Anonymous said...

I did not say an individual shouldn't call for help, but calling for help isn't the same as responsible for being in the position. Again, I agree the law should have been signed, that doesn't make Abbot responsible for the deaths.

Gritsforbreakfast said...

@12:21: Abbott's responsibility is for vetoing the Good Samaritan law. That was his personal decision.

If he had not done so, ~188 fewer people would have died from overdoses in 2016.

Anonymous said...

In the Navy when a sailor falls overboard and drowns the Captain may not have been at fault but it was certainly his responsibility to prevent it.

But then again we don't exactly elect good leaders into office or traditionally hold government employees of any flavor accountable for much.

As for whether he should feel guilty, as a Catholic his answer should be yes regardless of of he signed it, but then again he may be a better leader than he is a Catholic.

Gritsforbreakfast said...

@1:46, you don't seem to understand the law he vetoed. It's ABOUT what happens when people call for help. Abbott's action prevents people from calling for help by continuing to subject them to criminal penalties when the Lege thought that was unwise. The result is that more people die. That's the whole point of this post.

Anonymous said...

Leaving aside the 188 people comment (which is a made up number).

Grits would have us believe that unless you are absolved from any penalties, it's somehow OK not to help someone. If you truly believe the "point" of the post was to prevent people from dying you should be more careful in your words. What I got out of it was you're making Abbot responsible for these peoples deaths, he isn't. Once again, I agree he should have signed it, not the same as being responsible for the theoretical deaths.

The Captain analogy doesn't work, a Captain also has control over the sailors which makes him responsible for them, the Governor does not have that type of control over a (somewhat) free society, so he doesn't have that kind of responsibility.

He's Innocent said...

@anon 2:23

Your privilege is showing. You seem to have never been around the criminal system in Texas. See, when one attracts the attention of law enforcement in this state, it is damn near impossible to avoid being charged with something. Anything. And the more absurd, the more they seem to revel in it like pigs in slop. It's outright harassment most of the time.

I speak from personal experience. My family is justice involved and for the most absurd BS reason imaginable. I also have former LEO's in my family who agree today's LEO's are not to be trusted initially (very sad). So I speak from a position of close proximity to both sides of the law.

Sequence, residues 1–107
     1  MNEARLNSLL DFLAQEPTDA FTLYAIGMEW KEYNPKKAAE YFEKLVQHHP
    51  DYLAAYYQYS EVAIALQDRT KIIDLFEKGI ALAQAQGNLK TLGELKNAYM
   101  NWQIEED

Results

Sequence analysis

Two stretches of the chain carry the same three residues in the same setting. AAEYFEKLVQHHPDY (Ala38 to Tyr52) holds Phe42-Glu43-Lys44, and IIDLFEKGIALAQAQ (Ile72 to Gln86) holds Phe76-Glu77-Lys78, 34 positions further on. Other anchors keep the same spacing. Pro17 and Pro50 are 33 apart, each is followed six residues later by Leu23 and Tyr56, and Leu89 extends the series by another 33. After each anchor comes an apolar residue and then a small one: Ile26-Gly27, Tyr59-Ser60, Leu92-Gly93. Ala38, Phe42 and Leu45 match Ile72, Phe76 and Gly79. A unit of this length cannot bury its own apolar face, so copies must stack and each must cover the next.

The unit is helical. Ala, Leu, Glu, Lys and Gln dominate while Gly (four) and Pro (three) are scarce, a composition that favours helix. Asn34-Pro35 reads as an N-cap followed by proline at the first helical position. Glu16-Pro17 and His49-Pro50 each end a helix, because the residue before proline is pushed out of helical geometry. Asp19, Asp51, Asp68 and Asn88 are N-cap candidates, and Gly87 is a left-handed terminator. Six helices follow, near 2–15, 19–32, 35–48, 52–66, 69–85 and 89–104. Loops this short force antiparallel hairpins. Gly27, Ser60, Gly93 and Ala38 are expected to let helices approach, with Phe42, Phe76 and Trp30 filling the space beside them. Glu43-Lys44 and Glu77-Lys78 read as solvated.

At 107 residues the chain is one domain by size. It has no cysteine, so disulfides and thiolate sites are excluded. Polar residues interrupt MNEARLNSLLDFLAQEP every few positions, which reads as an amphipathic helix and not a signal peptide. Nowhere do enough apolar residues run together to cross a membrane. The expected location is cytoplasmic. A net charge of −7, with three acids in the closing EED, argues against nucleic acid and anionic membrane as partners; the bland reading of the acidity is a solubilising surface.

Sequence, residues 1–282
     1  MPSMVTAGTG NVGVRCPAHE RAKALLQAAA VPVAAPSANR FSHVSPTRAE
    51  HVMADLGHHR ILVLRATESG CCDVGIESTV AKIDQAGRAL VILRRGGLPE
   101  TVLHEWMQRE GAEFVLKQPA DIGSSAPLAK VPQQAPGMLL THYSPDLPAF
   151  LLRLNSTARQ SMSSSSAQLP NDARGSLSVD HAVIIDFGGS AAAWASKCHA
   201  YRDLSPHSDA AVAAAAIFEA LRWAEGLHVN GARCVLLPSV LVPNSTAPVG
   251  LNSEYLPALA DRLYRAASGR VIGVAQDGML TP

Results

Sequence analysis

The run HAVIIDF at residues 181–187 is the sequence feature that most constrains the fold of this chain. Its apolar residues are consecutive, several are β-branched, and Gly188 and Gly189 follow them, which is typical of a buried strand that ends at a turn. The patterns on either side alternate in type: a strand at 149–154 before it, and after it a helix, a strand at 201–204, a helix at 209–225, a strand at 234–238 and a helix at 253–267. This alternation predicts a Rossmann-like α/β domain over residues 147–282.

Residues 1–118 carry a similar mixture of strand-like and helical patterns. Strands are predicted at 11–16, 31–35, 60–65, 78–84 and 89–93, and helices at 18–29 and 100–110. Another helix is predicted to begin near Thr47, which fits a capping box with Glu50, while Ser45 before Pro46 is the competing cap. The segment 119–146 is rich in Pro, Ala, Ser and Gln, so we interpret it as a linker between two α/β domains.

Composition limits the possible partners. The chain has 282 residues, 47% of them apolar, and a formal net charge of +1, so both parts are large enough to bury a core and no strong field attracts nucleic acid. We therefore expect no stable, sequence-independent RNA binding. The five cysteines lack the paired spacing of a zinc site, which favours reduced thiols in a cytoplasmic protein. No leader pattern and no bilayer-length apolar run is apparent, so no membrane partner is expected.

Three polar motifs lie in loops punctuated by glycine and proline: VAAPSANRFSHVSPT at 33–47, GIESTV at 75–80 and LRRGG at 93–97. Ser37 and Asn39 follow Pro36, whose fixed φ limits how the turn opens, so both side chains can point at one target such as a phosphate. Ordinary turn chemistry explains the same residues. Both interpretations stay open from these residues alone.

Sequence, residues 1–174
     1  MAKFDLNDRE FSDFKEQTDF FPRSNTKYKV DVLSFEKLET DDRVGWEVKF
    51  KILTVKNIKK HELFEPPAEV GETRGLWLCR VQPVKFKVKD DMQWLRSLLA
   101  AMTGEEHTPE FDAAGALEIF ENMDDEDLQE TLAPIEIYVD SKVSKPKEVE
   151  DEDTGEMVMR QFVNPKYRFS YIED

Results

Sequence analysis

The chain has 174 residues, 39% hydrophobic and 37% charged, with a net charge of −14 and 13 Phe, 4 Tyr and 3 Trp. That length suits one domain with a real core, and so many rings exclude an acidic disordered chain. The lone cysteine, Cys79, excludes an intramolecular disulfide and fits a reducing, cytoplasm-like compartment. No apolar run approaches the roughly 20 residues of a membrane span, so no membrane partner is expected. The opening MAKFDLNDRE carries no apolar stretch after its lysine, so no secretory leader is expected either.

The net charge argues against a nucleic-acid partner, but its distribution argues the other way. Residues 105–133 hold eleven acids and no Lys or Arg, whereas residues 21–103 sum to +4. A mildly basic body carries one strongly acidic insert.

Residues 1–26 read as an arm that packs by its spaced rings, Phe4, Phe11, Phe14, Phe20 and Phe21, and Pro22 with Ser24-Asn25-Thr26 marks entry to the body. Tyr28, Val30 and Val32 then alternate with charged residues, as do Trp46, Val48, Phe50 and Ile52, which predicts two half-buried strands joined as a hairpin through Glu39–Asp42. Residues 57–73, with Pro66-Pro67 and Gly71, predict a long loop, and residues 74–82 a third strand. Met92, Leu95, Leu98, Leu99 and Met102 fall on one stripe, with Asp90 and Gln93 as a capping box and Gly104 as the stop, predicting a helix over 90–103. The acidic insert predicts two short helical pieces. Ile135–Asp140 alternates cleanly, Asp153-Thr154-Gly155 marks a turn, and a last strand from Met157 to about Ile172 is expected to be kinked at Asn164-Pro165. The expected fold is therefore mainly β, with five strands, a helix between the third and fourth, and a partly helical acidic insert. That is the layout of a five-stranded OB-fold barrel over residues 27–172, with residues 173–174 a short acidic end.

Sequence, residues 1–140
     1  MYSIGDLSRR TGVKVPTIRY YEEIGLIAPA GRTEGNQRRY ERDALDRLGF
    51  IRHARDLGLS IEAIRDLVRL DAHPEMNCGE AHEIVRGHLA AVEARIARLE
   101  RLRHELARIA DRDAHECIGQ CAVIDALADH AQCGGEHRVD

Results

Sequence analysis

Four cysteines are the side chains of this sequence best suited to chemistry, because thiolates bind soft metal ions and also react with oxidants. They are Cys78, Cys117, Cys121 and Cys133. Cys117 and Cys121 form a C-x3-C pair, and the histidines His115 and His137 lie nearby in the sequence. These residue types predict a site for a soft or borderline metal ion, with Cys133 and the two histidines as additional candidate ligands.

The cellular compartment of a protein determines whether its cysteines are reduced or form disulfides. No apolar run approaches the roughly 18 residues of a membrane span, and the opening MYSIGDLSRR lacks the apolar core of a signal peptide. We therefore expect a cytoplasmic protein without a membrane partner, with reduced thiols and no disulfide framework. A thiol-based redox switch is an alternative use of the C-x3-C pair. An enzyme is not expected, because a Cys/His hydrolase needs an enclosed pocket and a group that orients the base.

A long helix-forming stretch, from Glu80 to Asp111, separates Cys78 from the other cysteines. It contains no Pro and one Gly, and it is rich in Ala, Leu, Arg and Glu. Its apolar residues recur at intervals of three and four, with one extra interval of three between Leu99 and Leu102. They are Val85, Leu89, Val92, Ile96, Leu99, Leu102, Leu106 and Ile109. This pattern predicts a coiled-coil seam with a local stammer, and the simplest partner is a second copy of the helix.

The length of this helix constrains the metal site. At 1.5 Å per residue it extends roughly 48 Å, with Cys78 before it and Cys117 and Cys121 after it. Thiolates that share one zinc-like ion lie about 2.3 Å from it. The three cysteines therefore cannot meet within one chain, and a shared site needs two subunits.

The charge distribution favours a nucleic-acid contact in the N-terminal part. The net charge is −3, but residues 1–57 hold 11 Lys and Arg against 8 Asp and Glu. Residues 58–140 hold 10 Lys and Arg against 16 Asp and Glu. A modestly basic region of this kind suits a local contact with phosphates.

The emergency situation of an overdose requires a call to 911 to save someone's life. Anyone within geographical range, or as the original 911 caller, you are at risk of being arrested or harassed for BS, or worse. Just ask most young black males.

So please, while no, Abbott is not personally responsible for the overdoses, he IS responsible for the veto of a law that would have potentially saved 188 lives. Which is more important? Principal or lives?

Your dogged hair splitting is mind numbing.

Soronel Haetir said...

Why should we make preventing overdose deaths any sort of priority? I've honestly never understood this argument. I am simply not interested in saving people from themselves.

Gritsforbreakfast said...

Soronel, you've supported the death penalty for repeat offenders who've never committed violent crimes (123-D). Your opinion on who should live or die should always be offered with that caveat - your opinions are an extremist outlier.

@2:23, the point of the Good Samaritan law was to prevent people from dying. The point of this post was to remind people whose fault it is that that law isn't in place now and to consider how many lives have been lost as a result.

Speaking of which, ~188 is not a "made up" number - I took the percentage the State Department of Health Services told the committee overdoses reduced in states that implemented the Good Samaritan policy, and applied it to Texas' overdose numbers to estimate how many lives would have been saved here. So it's not made up, the source is public testimony from a Texas state agency.

You're entitled to your opinion, but Abbott remains responsible for the consequences of his veto.

Anonymous said...

I'll remember that next time I see you jaywalking buddy ;)